Jonathan Stephenson was sentenced to death by the State of Tennessee for hiring someone to murder his wife. According to court documents Jonathan Stephenson would hire Ralph Thompson to kill his wife. The woman, Lisa Stephenson would be shot and killed by a high powered rifle. The two men would later debate who actually fired the fatal shot however both would be convicted and Jonathan Stephenson would be sentenced to death.
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t the resentencing hearing, the State presented proof showing that in December 1989, the defendant was married to Mrs. Stephenson and had a four-year-old son and an eight-month-old son. The defendant worked as a tractor-trailer driver in Morristown, Tennessee. In March 1989, the defendant met Julia Ann Webb (“Webb”) at a bar in Knoxville, Tennessee, and the two became romantically involved. The defendant told Webb that his wife had been killed in a traffic accident five years earlier and that afterwards he had an affair with his wife’s sister, “Kathy.” He also told Webb that he had a child with each woman.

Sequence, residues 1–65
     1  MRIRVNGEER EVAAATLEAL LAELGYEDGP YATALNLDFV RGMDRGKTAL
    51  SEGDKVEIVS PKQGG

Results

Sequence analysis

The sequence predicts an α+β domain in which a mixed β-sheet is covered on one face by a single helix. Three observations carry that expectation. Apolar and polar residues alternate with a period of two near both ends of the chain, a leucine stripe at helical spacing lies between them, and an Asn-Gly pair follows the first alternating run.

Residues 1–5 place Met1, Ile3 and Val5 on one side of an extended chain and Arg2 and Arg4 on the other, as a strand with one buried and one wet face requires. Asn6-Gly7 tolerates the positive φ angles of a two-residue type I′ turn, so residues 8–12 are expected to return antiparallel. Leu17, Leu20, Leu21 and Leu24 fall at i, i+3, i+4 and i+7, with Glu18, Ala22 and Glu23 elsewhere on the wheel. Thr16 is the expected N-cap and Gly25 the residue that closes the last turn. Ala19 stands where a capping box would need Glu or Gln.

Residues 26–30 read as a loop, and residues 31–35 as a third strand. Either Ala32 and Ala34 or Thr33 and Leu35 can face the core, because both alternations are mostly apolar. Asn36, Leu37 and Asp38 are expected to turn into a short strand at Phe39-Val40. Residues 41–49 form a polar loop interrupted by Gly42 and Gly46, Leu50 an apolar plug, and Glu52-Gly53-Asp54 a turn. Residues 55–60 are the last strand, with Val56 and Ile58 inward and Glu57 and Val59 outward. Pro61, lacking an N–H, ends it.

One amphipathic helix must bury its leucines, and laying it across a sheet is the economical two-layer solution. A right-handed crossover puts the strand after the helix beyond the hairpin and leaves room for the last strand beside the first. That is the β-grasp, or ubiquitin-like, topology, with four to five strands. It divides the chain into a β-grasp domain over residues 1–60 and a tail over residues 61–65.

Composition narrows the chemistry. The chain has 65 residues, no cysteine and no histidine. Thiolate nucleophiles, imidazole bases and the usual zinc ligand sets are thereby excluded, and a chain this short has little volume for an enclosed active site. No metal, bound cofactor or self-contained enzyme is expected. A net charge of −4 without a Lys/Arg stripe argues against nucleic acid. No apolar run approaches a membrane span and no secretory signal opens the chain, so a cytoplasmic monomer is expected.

In 1989, on numerous occasions, the defendant asked Glen Franklin Brewer (“Brewer”), a co-worker, to kill the wife of a friend. However, the description of the residence of the proposed victim matched the defendant’s own home. On one occasion the defendant offered Brewer a boat, a motor, and a pickup truck in return for the requested killing. On another occasion the defendant offered Brewer $3,000.00 in return for the killing, and on yet another occasion, the defendant offered Brewer $5,000.00 from life insurance proceeds. The defendant complained to Brewer that his wife was receiving expensive psychiatric treatment and medication and that he feared he would “lose everything he had worked for” if he divorced her. In the fall of 1989, the defendant offered another man, Steven Michael Litz (“Litz”), who was a friend of Thompson, $5,000.00 to kill the defendant’s wife because, the defendant said, she was going to divorce him and “take everything he’d ever worked for.”